From today coroners are no longer required to conduct a formal inquest for every person who dies while under a Deprivation of Liberty Safeguards (DoLS) authorisation following an amendment to the law.
In November 2016 ministers agreed to the amendment to the Policing and Crime Bill which removed the statutory duty of coroners to hold an inquest where the deceased was subject to a DoL under the Mental Capacity Act 2005. This change meant that the deaths of those subject to a DoLS authorisation would no longer constitute a death ‘in state detention’ so there will be no automatic duty on coroners to investigate the case.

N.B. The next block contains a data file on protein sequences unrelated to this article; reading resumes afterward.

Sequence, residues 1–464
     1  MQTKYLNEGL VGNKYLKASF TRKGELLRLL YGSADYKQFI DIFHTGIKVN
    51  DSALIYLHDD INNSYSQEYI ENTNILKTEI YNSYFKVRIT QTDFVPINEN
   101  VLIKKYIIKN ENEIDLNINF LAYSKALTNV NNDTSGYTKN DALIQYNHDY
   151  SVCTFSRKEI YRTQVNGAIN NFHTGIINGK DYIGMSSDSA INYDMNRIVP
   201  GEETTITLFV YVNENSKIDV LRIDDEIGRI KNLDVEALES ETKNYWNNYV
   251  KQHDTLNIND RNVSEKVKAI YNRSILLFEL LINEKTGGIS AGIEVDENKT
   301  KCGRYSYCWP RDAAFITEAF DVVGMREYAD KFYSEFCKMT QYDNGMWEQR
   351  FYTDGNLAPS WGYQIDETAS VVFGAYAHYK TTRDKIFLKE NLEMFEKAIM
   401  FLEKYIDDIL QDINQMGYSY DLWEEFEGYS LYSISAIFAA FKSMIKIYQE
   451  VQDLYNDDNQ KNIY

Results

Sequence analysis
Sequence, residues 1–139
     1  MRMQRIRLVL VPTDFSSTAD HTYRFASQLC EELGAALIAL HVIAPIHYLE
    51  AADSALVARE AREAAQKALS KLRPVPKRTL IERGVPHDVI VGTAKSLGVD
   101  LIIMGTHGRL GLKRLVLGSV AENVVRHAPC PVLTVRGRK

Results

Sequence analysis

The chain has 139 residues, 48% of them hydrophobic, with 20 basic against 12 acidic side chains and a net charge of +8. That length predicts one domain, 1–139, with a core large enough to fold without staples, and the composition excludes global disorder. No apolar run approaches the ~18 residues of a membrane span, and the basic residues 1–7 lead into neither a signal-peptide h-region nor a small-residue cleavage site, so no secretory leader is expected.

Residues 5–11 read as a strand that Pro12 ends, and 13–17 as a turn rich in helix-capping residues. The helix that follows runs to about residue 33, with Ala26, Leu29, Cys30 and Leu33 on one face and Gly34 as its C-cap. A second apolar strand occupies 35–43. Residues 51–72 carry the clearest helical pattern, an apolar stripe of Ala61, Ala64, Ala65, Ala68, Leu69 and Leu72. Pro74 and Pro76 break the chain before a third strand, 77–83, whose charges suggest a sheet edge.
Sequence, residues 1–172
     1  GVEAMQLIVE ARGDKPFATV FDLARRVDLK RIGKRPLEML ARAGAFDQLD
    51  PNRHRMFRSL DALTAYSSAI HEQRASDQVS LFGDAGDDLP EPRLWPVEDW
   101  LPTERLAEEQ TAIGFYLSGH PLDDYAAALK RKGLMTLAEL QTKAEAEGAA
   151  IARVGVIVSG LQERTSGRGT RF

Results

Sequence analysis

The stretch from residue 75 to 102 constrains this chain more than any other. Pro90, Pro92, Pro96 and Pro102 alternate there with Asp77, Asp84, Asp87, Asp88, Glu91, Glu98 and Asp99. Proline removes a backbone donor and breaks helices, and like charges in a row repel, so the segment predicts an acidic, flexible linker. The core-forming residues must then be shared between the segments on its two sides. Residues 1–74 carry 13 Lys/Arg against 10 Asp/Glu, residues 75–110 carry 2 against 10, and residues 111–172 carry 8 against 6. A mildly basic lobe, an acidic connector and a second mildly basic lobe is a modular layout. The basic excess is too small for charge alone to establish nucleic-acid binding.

An inquest will still be required if the person died before April 3rd 2017. But, for any person subject to a DoLS authorisation who dies on the 3rd, or any time after, their death need not be reported to the coroner unless the cause of death is unknown or where there are concerns that the cause of death was unnatural or violent.
This will come as good news for coroners themselves in terms of making available valuable resources and the families of people who have died while subject to a DoLS who have no issues regarding the care but must go through the process of a coroner’s inquest, even where the death was entirely natural.
The Chief Coroner has issued a new guidance note on the changes and how they will work. Please go to the following website for more details – www.judiciary.gov.uk/wp-content/uploads/2013/10/guidance-no-16a-deprivation-of-liberty-safeguards-3-april-2017-onwarrds.pdf